Conservation windows are fitted to period properties, or properties within conservation areas that are required to adhere to strict requirements. These requirements are listed in a conservation order created and upheld by the local authority.
A conservation window should be sympathetic to the style period of the property. Timber flush casement windows and flush sash windows are a great way of retaining the character and charm of a period property. The interpretation of conservation can be ambiguous and you will need to rely on the advice of your local conservation officer.
For conservation windows, extra options such as the addition of glazing bars to mimic cast iron bars on Victorian windows should be available.
With timber frames, there is a choice of softwood or hardwood. There may also be a heritage colour palette, which may feature colour choices approved by local authorities to fit with the setting. New windows that replace or imitate period windows should meet today’s standards and regulations and should not compromise on thermal efficiency or security.
You should check that any new timber frames are backed by a rot and fungal guarantee for peace of mind.
Always speak with your local conservation officer before making a purchase to ensure you are in line with the specific needs of your project.
Of course, conservation windows aren’t just for period properties within conservation areas. What better way to inject some character into a modern build than with beautifully crafted timber windows?
What is a Conservation Area?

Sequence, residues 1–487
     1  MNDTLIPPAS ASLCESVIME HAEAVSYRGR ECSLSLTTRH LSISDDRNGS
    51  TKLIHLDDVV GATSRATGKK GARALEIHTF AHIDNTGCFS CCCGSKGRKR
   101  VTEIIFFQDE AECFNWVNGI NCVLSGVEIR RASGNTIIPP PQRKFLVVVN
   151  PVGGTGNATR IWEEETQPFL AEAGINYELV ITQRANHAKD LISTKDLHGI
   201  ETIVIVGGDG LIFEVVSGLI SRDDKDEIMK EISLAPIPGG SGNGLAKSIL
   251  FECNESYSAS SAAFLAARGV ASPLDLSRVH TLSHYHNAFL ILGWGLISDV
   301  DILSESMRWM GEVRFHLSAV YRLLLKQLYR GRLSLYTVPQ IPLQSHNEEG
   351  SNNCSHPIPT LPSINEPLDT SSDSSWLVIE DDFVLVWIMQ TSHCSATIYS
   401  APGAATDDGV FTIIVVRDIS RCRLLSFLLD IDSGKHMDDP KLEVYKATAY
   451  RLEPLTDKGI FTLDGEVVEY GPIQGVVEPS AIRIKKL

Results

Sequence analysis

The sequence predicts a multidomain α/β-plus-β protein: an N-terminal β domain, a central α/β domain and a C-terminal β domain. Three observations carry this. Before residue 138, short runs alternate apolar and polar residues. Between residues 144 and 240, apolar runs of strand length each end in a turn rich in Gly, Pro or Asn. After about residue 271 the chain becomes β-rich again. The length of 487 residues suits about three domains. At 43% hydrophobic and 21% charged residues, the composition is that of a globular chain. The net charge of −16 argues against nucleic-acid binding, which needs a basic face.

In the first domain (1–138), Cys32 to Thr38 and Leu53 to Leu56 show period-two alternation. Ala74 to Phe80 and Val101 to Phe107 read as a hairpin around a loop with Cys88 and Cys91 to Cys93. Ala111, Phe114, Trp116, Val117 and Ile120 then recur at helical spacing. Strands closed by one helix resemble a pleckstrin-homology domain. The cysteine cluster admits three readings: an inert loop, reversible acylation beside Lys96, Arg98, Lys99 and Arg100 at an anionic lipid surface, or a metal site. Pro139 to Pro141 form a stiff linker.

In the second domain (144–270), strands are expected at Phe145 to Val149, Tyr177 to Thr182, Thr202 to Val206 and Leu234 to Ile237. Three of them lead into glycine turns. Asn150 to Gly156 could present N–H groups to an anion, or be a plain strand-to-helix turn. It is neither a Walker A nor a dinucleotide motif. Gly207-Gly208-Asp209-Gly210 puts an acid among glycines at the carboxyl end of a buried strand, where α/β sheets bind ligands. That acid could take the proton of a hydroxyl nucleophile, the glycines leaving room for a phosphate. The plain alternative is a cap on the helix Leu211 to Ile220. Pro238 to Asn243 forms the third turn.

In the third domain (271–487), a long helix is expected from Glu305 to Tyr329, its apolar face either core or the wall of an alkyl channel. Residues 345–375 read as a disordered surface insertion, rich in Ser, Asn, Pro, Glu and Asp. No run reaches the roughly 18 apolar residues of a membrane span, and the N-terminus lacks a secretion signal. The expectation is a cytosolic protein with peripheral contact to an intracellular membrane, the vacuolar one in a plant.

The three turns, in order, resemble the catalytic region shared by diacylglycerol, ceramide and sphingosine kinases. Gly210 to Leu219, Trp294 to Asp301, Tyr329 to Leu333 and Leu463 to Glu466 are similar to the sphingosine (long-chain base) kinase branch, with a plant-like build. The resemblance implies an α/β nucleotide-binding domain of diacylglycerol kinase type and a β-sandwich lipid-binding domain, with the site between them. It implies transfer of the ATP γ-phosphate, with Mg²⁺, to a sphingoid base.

A conservation area has been designated as an area of important historical interest and therefore worthy of preservation.
Conservation areas are usually parts of a town or village protected in terms of town planning, trees, landscaping and building. In a conservation area, the local authority will hold a conservation order. A conservation order is a list of regulations that need to be met before any new developments can be approved and signed off. To meet the requirements of a conservation order, a new installation or replacement must blend seamlessly into its surroundings. A large part of this depends on the use of materials and construction methods.
If your installation does not satisfy your conservation officer’s stipulations, they can order it to be removed.
If your installation does not satisfy your conservation officer’s stipulations, they can order it to be removed. It is very important to consult with your local conservation officer prior to carrying out any work. They can help you understand the criteria you need to meet.
How do I know if I live in a conservation area?
To find out if you live in a conservation area, contact your local planning authority (LPA) (opens in a new window). They will be able to tell you why the area was designated. They will also map where the area extends to and explain the level of legal protection in place.